At least within the Jihadi community, though, there is a pretty strong split between fighting the local enemy (say, Israel, or US troops in Iraq) and the faraway enemy (going to the US to bomb there). While we may very well see a resurgence in those emphasizing on the former which could lead to a rising tide that makes AQ type terrorists more common as well, I think it's too soon to tell. Obviously, I hope it doesn't work out like that.
Reply With Quote
  #13  
Old 03-30-2011, 07:32 PM
ņaņi ņaņi is offline
Guest
 
Join Date: Sep 2001
Quote:
Originally Posted by Ryan_Liam View Post
Which begs the question, has this Al Queda 'threat' been overblown considering the changes in the beginning of this year?

It's even shown Islamism not to be a real monolithic bloc, especially in Egypt where you had the Muslim brotherhood as the main represenative of the opposition (Besides Wafd) and now Mubarak has gone the tie has snapped and there's more plurality within the political movements. If traditional Islamic conservatism can reconcile itself with the democratic process then the appeal of radical Islamism is effectively reduced.
Sorry, what do you mean by overblown?

You are right, Islamism is definitely not a monolith.
Reply With Quote
  #14  
Old 03-30-2011, 07:34 PM
Marley23 Marley23 is offline
I Am the One Who Bans
 
Join Date: Apr 2002
Location: Brooklyn
Posts: 78,236
Quote:
Originally Posted by Ryan_Liam View Post
I understand that, but with some of the autocrats gone, their appeal will maybe be limited due to the opening up of the system to at least some representation.
That's another plus, yes. Or a minus from AQ's standpoint. Blowing yourself up looks that much more insane if you can vote instead.
Reply With Quote
  #15  
Old 03-30-2011, 08:30 PM
John Mace John Mace is offline
Guest
 
Join Date: Dec 2002
It's waaaaaaaay too soon to say they've been sidelined. Al Qaeda thrives by exploiting unstable regimes, and we've got some serious instability going on right now. Any of these MENA countries could become pretty darn unstable at any time now.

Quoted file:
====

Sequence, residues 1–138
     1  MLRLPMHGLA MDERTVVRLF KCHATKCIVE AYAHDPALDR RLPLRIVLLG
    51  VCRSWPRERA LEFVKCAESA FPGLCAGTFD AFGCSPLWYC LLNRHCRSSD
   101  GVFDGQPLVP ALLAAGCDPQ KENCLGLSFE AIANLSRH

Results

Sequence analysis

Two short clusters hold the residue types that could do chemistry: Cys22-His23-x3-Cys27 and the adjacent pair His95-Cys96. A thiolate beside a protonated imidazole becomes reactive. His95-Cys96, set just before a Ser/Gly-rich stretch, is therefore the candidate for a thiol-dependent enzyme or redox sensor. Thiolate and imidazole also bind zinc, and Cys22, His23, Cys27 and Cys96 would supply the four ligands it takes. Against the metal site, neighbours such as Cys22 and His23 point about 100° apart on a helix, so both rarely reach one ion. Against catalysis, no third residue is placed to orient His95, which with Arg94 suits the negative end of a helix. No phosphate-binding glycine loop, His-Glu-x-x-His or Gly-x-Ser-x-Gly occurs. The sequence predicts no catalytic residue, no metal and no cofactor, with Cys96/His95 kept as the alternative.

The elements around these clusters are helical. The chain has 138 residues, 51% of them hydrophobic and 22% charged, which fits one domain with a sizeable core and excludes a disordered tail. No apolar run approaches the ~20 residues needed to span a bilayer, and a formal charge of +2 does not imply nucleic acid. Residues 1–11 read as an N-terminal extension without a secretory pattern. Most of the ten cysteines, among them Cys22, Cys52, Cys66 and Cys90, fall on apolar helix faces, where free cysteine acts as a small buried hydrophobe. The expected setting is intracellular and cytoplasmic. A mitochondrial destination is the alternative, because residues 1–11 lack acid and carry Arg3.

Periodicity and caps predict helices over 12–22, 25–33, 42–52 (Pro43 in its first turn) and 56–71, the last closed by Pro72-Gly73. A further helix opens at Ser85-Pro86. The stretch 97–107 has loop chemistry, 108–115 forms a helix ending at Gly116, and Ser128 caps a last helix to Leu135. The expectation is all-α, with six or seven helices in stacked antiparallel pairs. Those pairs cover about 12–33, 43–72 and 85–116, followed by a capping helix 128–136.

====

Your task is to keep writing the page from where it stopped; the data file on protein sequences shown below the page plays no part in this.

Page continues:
Plus, they're pretty much just waiting it out in Pakistan until we finally pack up and leave Afghanistan.

This ain't over by a long shot.
Reply With Quote
  #16  
Old 03-30-2011, 09:10 PM
ņaņi ņaņi is offline
Guest
 
Join Date: Sep 2001
I agree with John Mace, with the small caveat that what continues to be a threat is more militants with AQ-style tactics and goals rather than necessarily the specific organization with Osama, Zarqawi, and whoever is #3 this month. Which makes marginalization more difficult, but luckily, there are a lot of people working very hard from many countries for that specific goal.
Reply With Quote
  #17  
Old 03-30-2011, 10:33 PM
sqweels sqweels is offline
Guest
 
Join Date: Sep 1999
OK, we need to keep in perspective what they are and are not capable of. AQ launches often spectacular terrorist attacks on the global stage, but it's getting harder to imagine them developing any real political control anywhere.
Reply With Quote
  #18  
Old 03-31-2011, 05:45 AM
blindboyard blindboyard is offline
Guest
 
Join Date: Jan 2010
Do AQ really exist? Once upon a time they may have been a small group around ObL, but generally the idea of an international group with a unified leadership apparatus has just been put about by politicians seeking to monger fear and ObL trying to look big in front of his friends. Right from the start AQ has just been a name any gang of mad fundies can take for themselves when they set up a violent revolutionary group to fight Christians in Sulawesi, or whatever their particular interest is. There's no such organisation as al-Qaeda.

If you mean have revolutionary Islamist political movements been sidelined, it's too early to tell.
Reply With Quote
Reply



Bookmarks

Thread Tools
Display Modes

Posting Rules
You may not post new threads
You may not post replies
You may not post attachments
You may not edit your posts

BB code is On
Smilies are On
[IMG] code is Off
HTML code is Off

Forum Jump


All times are GMT -5. The time now is 11:24 PM.


Powered by vBulletin® Version 3.8.7
Copyright ©2000 - 2014, vBulletin Solutions, Inc.

Send questions for Cecil Adams to: cecil@chicagoreader.com

Send comments about this website to: webmaster@straightdope.com

Terms of Use / Privacy Policy

Advertise on the Straight Dope!
(Your direct line to thousands of the smartest, hippest people on the planet, plus a few total dipsticks.)

Publishers - interested in subscribing to the Straight Dope?
Write to: sdsubscriptions@chicagoreader.com.

Copyright Š 2013 Sun-Times Media, LLC.